Flush with venture capital funding, there has been an incredible boom in new startups. These innovative and fast-growing companies, platforms and apps run the gamut, but have one thing in common: they can’t find enough talent to fill all of their needs. The lack of qualified applicants holds back businesses from blossoming.
Sergiu Matei, founder of Index, who runs a platform helping clients, like Vodafone, find and hire world-class tech teams, gives his take on what is happening from an international recruiter’s perspective. His mission is to help growing companies hire world-class remote software developers and teams.
According to Matei, the internet is undergoing a drastic facelift, thanks to surging interest in Web3 and the metaverse. However, the journey to the internet of the future is so complex that companies are struggling to find people who can do the job. While the pressures of the Great Resignation and attendant labor shortage have wide implications for businesses in just about every industry, it’s even worse for companies looking to hire highly skilled tech workers. Prior to the pandemic, it was tough to fill specialized technology roles. Now, he says, it’s “next to impossible.”
Demand for software engineers is at an all-time high. The job search process for engineers is broken and companies are not incentivized to fix it. For most jobs, candidates apply and never get a response. The majority of software engineers want to work remotely, but 31% are concerned about how it may affect their career prospects, according to the State of Remote Engineering report.
There is some hope. The expanded adoption of remote work during the pandemic has made it a lot easier to attract tech talent. “If you expand your search outside of a set of zip codes, you can find great talent with less competition,” said Matei. Index’s platform assists with this search by including an English language test and skills assessment in its recruiting process. Hiring employees in international locations with lower costs of living than tech hubs, like Silicon Valley and New York City, can also make smaller companies’ compensation packages more appealing.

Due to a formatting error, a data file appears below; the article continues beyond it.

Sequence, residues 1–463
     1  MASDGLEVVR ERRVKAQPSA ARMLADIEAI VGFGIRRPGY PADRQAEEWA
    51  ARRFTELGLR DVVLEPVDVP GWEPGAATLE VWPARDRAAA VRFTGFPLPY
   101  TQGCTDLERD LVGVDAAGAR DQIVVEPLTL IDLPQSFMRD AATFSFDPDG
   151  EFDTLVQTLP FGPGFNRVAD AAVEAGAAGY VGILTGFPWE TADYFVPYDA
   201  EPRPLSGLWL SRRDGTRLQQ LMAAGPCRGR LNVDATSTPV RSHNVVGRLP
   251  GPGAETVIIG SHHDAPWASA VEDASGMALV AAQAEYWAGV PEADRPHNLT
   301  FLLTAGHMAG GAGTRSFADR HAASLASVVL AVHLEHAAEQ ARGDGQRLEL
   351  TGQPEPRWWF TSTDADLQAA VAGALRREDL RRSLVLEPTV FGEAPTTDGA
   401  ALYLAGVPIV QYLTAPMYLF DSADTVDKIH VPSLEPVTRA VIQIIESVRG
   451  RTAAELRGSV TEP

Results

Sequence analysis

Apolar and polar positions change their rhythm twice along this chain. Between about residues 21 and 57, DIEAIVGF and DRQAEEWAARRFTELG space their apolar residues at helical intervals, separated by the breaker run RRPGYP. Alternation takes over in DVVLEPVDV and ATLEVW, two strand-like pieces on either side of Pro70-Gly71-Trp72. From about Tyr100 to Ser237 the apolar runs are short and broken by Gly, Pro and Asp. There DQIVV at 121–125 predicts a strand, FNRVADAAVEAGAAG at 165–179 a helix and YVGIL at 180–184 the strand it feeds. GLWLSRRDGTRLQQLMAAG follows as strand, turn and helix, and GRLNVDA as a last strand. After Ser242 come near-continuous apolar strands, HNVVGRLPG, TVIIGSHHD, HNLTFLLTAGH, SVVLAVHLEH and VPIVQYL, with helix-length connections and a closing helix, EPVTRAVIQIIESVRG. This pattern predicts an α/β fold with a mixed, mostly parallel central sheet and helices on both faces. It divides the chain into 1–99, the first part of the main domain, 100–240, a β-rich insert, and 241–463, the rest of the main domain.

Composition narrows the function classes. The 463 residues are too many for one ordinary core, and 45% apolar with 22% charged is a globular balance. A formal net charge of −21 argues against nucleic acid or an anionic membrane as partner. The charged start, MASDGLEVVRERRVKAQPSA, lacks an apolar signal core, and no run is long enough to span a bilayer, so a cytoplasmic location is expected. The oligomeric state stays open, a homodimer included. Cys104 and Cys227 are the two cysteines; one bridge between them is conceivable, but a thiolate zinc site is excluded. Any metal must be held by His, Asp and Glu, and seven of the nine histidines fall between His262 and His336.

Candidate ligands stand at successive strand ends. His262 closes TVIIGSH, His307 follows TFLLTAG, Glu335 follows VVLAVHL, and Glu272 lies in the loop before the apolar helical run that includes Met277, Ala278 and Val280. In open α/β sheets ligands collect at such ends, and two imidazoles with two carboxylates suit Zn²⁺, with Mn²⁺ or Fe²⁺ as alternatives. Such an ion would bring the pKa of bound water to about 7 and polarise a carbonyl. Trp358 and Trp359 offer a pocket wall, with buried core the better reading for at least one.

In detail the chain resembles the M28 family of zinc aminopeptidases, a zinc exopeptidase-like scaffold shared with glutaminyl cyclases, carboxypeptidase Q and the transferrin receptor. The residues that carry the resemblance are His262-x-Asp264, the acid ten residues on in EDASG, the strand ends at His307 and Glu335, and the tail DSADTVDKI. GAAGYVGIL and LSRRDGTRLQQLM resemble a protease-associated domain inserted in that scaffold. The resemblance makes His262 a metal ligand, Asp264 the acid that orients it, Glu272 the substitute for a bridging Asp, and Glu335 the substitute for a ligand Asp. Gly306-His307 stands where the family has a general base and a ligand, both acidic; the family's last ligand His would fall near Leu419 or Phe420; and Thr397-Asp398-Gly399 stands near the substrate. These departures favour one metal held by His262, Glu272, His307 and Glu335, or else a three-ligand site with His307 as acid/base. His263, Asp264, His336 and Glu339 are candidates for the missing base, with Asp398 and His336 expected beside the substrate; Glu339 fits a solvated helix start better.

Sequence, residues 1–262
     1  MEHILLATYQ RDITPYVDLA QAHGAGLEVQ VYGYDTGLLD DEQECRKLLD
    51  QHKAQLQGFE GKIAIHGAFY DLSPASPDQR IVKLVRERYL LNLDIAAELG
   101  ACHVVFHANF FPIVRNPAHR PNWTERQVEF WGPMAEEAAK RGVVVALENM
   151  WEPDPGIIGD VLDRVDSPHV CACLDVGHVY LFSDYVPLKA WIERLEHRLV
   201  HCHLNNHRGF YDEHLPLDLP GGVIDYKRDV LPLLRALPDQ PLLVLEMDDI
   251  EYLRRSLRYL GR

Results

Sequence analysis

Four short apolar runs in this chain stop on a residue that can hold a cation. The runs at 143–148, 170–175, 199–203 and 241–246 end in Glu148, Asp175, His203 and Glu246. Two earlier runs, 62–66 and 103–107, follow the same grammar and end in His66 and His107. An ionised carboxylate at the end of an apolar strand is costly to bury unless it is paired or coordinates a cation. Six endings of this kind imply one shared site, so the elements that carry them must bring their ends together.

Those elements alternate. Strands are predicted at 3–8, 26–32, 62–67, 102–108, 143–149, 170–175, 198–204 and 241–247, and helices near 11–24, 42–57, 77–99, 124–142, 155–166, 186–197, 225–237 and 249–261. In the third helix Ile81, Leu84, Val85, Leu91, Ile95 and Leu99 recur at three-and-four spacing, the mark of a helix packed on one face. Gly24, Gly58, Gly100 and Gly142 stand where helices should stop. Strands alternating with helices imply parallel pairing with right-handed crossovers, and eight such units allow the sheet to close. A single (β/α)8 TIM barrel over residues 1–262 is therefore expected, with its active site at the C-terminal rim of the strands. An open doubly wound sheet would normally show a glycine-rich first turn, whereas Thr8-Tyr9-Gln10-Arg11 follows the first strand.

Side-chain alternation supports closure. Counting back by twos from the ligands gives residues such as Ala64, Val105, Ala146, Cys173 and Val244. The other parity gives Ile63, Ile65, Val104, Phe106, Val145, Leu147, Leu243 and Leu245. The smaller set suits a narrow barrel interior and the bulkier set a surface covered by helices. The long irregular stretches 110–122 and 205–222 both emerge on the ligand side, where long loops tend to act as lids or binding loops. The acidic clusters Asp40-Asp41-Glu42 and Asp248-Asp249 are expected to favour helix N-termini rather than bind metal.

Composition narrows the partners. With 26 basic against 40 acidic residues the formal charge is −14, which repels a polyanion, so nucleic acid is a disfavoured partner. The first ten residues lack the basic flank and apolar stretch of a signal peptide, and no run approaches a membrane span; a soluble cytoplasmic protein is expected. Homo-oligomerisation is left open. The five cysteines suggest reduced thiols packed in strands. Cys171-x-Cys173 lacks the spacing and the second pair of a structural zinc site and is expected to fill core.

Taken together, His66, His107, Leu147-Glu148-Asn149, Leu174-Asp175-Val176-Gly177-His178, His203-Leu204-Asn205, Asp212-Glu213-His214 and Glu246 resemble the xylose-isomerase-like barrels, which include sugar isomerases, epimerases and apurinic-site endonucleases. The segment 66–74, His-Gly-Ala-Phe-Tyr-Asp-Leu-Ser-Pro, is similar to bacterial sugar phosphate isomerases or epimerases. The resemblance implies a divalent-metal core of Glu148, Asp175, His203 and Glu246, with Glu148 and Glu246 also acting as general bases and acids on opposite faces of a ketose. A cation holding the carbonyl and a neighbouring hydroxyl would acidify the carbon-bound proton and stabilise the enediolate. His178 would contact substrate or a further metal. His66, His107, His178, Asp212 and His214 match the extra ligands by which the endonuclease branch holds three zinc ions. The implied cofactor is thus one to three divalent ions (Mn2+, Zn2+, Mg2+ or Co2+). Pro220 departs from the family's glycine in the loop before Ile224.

Matei was born and raised in Moldova. He spent the majority of his career building platforms to help teams find and hire talent from around the world. Matei learned that both Central and Eastern Europe have a lot of untapped talent. They were overlooked because recruiters couldn’t speak the language. Matei said the region is well-known for tech professionals that have math and computer-science degrees. It is home to more than one-million engineers, in places such as Slovakia, Poland, Hungary and Ukraine.
Matei pointed out that tech companies in the US added 24,300 workers in January, marking the 14th consecutive month of job growth in a hot IT hiring market. Index is solving the problem of finding and hiring remote engineering talent.. He is motivated to reduce inequality by helping build a future where the best local talent won’t be forced to leave their country to get a great job. There is a larger reason too. By connecting different cultures around the world, people can expand their understanding of one another, which will promote friendly relations—something that is much needed now more than ever.
Another challenge faced by companies is the emergence of Web3. The number of Web3 developers dramatically increased in 2021, but they still make up just a tiny fraction of active software developers worldwide. In the US alone, over 1.2 million engineers will be missing from the workforce by 2026—a figure set to cost companies $162 billion in unrealized output.
There is a great amount of churn in this sector, with both large tech companies and scrappy startups fighting for the best and brightest talent. For instance, the augmented reality team at Microsoft saw 100 departures in the past year, as many engineers jumped ship to work on the metaverse at Meta. Apple has had a similar problem and still needs to fill about 10,000 roles.
In the coming year, finding skilled engineers will be challenging—to put it lightly. Recruiters have to fully understand the evolving digital landscape, the expectations that potential employees have and how to upskill current teams.
Having spent more than a decade hiring in the rapidly changing tech world, Matei, shared his insights into finding the people who will create the internet of tomorrow. In addition to recruiters broadening their talent search across borders, they should also consider developers with unconventional backgrounds, such as self-taught and bootcamp alumni. Benefits should go beyond salary and companies should provide constant opportunities for learning, whether through external courses, internal knowledge exchange sessions or exposure to new technologies via project rotation. According to Matei, there needs to be an overhaul of the education system to keep up with the surging demand. Currently, just 13.2% of schools offer computer science courses; however, 77% of jobs in the next decade will require tech skills.